Northern-blot analysis. A, The merA probe: transcripts of merAB dicistron (2,332 nucleotides) and the merA monocistron (1,694 nucleotides) are shown by arrows. B, The merB probe: transcripts for the merAB dicistron (2,332 nucleotides), the aadA/mer ...


When 16-d-old tobacco plants were grown for 14 d in soil containing PMA concentrations of 0, 50, 100, and 200 μm, the merAB seedlings (pLDR-MerAB and pLDR-MerAB-3′-UTR clones) grew well at PMA concentrations up to 100 μm PMA, and survived the highest PMA concentration of 200 μm (Fig. 5). On the other hand, PMA concentrations of 100 and 200 μm PMA were lethal to wild-type plants, which barely survived 50 μm PMA (Fig. 5). There were no significant differences between transgenic lines with or without the 3′-UTR terminator.

Figure 5.
Effect of PMA concentration on the growth of wild-type and transgenic lines of tobacco plants. Seeds were germinated in vitro on Murashige and Skoog medium (without Suc and 0.5 g mL1 spectinomycin). Seedling plants (10 d from germination) ...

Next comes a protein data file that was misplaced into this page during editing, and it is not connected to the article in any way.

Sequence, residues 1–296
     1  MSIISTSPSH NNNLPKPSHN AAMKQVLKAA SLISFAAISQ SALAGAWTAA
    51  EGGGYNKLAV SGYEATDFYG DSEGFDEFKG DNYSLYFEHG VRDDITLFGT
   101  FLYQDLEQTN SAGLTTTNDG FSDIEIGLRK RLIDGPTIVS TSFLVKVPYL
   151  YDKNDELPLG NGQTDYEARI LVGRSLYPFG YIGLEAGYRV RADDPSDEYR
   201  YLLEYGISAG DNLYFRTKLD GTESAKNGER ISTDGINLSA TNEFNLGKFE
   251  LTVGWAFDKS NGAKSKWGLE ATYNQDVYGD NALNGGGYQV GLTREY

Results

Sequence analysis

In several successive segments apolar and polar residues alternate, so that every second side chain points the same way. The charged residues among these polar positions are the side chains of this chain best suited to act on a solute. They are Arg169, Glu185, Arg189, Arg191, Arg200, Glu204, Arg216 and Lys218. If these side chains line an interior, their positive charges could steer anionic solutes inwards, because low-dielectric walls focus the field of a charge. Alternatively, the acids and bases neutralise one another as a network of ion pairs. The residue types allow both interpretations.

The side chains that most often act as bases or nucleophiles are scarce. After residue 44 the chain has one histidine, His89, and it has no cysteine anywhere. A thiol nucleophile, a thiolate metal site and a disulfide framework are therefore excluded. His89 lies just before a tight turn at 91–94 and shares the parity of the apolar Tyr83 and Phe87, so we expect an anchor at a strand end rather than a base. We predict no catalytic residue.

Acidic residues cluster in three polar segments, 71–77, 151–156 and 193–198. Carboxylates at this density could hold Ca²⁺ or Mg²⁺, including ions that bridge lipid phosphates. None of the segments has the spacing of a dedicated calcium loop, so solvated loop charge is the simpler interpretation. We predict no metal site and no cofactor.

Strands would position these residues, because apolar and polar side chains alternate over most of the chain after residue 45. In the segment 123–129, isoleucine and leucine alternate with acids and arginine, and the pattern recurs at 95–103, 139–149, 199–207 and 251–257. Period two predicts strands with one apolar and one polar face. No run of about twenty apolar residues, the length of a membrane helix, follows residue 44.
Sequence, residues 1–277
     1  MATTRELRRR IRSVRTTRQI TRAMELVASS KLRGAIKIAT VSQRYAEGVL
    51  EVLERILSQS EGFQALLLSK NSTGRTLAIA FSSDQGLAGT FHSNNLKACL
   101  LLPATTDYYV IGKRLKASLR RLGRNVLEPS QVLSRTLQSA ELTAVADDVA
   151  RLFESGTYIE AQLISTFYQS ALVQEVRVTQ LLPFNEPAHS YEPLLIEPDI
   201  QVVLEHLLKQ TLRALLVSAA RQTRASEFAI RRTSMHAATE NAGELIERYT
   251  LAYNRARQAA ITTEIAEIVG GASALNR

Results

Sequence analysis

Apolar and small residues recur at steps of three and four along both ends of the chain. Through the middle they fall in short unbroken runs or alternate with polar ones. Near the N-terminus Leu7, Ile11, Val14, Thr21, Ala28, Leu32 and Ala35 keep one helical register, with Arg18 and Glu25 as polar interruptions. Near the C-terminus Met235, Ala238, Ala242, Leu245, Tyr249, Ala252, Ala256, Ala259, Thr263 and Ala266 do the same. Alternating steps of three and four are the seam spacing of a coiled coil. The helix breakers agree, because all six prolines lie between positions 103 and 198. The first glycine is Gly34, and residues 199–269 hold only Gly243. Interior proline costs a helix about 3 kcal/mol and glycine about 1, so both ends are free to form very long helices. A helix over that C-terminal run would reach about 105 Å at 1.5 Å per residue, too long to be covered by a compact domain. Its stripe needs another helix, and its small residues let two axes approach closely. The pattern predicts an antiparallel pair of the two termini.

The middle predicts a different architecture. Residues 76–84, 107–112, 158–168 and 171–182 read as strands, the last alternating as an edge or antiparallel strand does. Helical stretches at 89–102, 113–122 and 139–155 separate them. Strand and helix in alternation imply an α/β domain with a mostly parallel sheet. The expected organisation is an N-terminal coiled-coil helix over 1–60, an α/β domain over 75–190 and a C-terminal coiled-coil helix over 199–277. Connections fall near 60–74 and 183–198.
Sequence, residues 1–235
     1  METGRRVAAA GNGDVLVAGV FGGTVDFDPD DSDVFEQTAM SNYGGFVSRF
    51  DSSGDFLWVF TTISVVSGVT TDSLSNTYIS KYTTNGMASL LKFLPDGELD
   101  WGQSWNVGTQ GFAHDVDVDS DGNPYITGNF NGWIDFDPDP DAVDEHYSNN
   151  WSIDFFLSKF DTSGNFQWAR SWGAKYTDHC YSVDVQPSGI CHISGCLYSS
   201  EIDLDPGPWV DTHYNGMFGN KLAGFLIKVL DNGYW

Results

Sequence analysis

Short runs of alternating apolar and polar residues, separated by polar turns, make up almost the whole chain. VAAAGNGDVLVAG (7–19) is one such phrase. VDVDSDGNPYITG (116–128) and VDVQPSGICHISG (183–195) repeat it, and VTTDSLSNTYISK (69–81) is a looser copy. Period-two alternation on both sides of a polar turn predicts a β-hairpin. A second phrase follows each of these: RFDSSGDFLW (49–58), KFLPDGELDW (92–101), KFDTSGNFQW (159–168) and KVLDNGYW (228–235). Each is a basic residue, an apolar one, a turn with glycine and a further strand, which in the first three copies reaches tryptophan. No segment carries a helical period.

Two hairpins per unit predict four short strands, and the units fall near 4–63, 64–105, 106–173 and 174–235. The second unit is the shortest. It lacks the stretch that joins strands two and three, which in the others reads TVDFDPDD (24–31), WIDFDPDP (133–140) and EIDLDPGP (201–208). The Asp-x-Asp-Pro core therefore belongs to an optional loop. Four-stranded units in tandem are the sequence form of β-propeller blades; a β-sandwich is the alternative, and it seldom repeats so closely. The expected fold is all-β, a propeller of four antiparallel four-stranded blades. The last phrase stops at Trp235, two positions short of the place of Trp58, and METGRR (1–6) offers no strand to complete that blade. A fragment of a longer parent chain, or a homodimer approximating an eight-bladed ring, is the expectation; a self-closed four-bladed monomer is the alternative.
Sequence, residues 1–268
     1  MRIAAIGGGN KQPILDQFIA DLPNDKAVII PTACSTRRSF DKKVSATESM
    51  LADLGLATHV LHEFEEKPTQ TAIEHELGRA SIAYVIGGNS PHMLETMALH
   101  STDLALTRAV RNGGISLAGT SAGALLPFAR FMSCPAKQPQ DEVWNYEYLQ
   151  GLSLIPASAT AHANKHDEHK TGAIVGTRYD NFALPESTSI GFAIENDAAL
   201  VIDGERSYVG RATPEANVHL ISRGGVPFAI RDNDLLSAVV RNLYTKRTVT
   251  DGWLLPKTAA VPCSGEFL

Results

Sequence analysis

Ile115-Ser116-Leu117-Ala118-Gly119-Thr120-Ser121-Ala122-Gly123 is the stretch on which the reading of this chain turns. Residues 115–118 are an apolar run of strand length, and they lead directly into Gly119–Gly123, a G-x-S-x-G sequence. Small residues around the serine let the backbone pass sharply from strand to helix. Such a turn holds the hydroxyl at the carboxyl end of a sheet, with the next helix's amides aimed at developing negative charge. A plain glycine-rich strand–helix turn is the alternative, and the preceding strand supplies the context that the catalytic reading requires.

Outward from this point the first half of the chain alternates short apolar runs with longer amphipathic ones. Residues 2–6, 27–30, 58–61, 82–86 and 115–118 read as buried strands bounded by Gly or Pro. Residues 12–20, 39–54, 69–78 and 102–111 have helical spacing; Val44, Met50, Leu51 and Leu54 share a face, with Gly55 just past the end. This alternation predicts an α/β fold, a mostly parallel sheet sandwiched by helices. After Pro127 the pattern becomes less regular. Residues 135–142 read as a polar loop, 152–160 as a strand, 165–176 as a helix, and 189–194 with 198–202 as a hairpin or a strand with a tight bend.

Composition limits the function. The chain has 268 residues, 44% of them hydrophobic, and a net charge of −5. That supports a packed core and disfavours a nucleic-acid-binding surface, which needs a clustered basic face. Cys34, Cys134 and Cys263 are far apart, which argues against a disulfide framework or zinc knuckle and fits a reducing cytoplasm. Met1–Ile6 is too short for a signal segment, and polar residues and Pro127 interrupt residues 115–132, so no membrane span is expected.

The effect of PMA on plant growth was determined by treating 24-d-old tobacco plants with PMA concentrations of 0, 100, 200, 300, and 400 μm in soil and measuring total plant dry weight at each concentration (Fig. 6). The total dry weight of wild-type plants decreased progressively with each increase in PMA from 0 to 400 μm. On the other hand, in the transgenic plants, there was no decrease in total dry weight with increase in PMA concentration until PMA reached 400 μm. Statistical analysis (unpaired t test) showed that the transgenic lines were substantially more resistant than wild type to concentrations of PMA of 100, 200, and 400 μm (Table I). These results indicate clearly that, compared with the wild type, the insertion of merA and merB into the chloroplast genome substantially increased the resistance of the transgenic plants to the toxic effects of PMA. There was no significant difference between the dry weights of the two clones, pLDR-MerAB and pLDR-MerAB-3′-UTR, at each concentration of PMA tested (Fig. 6).